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Jordan’s exports rise 15% in Q1 despite regional unrest

An agricultural engineer checks green peppers on a farm in Jordan. Vegetables and fertilisers are among its main exports Reuters/Jehad Shelbak
An agricultural engineer checks green peppers on a farm in Jordan. Vegetables and fertilisers are among its main exports
  • Export value hit $464m in first quarter
  • Iraq was the country’s top customer
  • WTO predicting rise in Gulf exports

Jordan’s exports increased by more than 15 percent in the first quarter of the year despite the conflict between Israel and Hamas and the disruptions to maritime trade in the Red Sea.

The country recorded “remarkable” growth in export value from January to March, according to the Amman Chamber of Industry. 

Export value rose to 329 million dinars ($464 million) in the first quarter of 2024, from 284 million dinars in the same period last year, the chamber said. 



Jordan’s main exports are textiles, potassium, phosphates, fertilisers, vegetables and pharmaceutical products, according to the Trading Economics website. 

More than 5,700 Jordanian certificates of origin were issued in the first quarter, down 7 percent on the same period last year. These certificates are used to authenticate goods and are issued on request for exports.

Saudi Arabia received the highest number of certificates with 901, followed by the UAE with 636.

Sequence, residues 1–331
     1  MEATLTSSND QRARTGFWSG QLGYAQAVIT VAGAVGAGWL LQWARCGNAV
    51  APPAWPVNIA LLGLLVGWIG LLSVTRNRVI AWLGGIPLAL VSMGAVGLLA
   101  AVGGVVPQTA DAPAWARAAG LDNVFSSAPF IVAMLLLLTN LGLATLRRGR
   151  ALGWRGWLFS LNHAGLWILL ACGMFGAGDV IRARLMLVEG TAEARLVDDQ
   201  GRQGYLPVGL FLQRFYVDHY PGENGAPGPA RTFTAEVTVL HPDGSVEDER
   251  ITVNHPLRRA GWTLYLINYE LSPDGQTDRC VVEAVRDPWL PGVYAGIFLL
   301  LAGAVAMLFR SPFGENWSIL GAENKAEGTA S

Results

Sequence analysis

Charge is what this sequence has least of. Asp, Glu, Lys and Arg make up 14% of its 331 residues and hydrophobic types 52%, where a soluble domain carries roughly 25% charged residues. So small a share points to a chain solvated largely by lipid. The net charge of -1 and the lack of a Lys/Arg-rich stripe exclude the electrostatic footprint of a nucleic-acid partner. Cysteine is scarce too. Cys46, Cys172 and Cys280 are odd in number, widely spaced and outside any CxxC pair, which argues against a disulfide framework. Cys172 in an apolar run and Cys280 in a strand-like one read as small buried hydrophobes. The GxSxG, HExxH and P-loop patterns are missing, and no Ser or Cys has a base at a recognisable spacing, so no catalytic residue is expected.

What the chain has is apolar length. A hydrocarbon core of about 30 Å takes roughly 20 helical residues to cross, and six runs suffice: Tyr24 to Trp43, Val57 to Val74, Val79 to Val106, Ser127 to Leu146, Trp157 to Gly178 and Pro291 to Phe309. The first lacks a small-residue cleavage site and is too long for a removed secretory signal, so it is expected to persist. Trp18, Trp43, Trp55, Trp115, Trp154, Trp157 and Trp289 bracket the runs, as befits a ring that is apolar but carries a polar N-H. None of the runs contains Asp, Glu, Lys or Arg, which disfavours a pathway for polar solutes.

In terms of export value, Iraq was Jordan’s biggest customer in Q1 with 161 million dinars of goods. It was followed by Switzerland (32 million dinars), Egypt (25 million dinars) and the UAE (24.7 million dinars). Exports to Saudi Arabia totalled 14 million dinars.

Export volumes from the Middle East are expected to expand by 3.5 percent this year, according to the World Trade Organization.

The WTO’s Global Trade Outlook and Statistics report, published last week, said its 2024 prediction followed a 1.6 percent decline in Middle East goods exports in 2023. It was the third annual contraction in four years, although the decreases in 2020 and 2021 were related to the pandemic.

About 15 percent of global trade passes through the Red Sea and 12 percent through the Suez Canal’s northern exit, according to the WTO.

However, the trade organisation believes the impact of Houthi rebels’ attacks on shipping in the Red Sea “may be more limited than initially feared”.

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